regards,

Martin.

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7th message | this message only posted: 14 Sep 2017 20:48
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Martin Wynne
West Of The Severn, United Kingdom



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rodney_hills wrote:viz: five feet radiusHi Rodney,

They call that the "nominal" radius -- i.e. what you get by looking at it from a yard away and guessing, not what you get by actually measuring the rails. :)
 
School geometry tells you that to achieve 1" offset in a turn of 12 degrees, the absolute maximum radius which is physically possible is 45.76".
 
R =  1 / ( 1 - COS(12)  )

Careful measurement of the turnout versines and the published templates match that. The actual radius in the rails is a little under 4ft.

Calling the "nominal radius" 5 feet seems forgivable, but when they quote it to the nearest mm (1524mm) you have to wonder about the provisions of the trade description legislation. :?

Martin.

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Rob Manchester
 

 

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Martin Wynne wrote: Rob Manchester wrote:Who are they made by ?Hi Rob,

They are made in the UK by Peco at their factory in Devon.

regards,

Martin.
Great, happy to hear that. Thanks Martin.

Rob


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Martin Wynne
West Of The Severn, United Kingdom



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Rob Manchester wrote:Great, happy to hear that. Thanks Martin.Hi Rob, See:

 http://www.peco-uk.com/page.asp?id=jobs

Martin.

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Rob Manchester
 

 

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Martin,

Do you think I should apply for a job at Peco then ? Maybe I could splice a couple of extra mm into the timber centres of the new turnouts :D

Rob


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11th message | this message only posted: 14 Sep 2017 21:52
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Martin Wynne
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Rob Manchester wrote: Do you think I should apply for a job at Peco then ?Hi Rob,

Certainly you should. They would surely welcome an experienced Templot user with open arms.

I believe there is a staff bus which runs round the local villages, but I doubt it would come as far as Manchester.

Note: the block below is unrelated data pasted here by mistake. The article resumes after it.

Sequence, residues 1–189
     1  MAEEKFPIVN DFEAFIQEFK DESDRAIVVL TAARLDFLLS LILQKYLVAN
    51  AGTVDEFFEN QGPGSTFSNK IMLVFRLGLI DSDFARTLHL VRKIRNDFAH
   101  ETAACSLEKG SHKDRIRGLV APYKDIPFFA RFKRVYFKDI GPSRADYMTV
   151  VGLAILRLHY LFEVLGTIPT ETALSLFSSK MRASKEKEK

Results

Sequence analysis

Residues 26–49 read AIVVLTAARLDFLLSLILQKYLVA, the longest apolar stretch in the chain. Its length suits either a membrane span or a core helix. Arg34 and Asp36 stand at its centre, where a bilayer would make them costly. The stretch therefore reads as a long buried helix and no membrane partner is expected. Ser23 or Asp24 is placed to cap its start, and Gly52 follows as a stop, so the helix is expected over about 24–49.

:)

Martin.

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rodney_hills
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Martin,

I know that your interest is infastructure, not what rides the rails.
These latter by Hornby have on each box..
"OO gauge 1:76 scale"
which is an oxymoron.

Regards,
Rodney Hills
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Martin Wynne
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rodney_hills wrote: "00 gauge 1:76 scale"
which is an oxymoron.
Hi Rodney,

You have lost me there, the definition of 00 gauge is models made to a scale of 4mm/ft (1:76.2) running on a track gauge of 16.5mm.

The prototype for the track is railway track of 4ft-1.5in gauge, and if you divide that by 76.2 the answer is 16.5mm.

The fact that very little such track actually exists doesn't come into it. Nor does the branch line to Ambridge or the bus on the bridge there. :)

But maybe we should leave these arguments to other forums. Templot is about how to build model track, not whether you should or not.

regards,

Martin.

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Judi R
Sutton-on-Sea, United Kingdom



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Has anyone been able to confirm the sleeper spacings of these yet? Are they to 3.5mm (HO) scale or 4mm (OO) scale?

Judi R
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Martin Wynne
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Judi R wrote: Has anyone been able to confirm the sleeper spacings of these yet? Are they to 3.5mm (H0) scale or 4mm (00) scale?Hi Judi,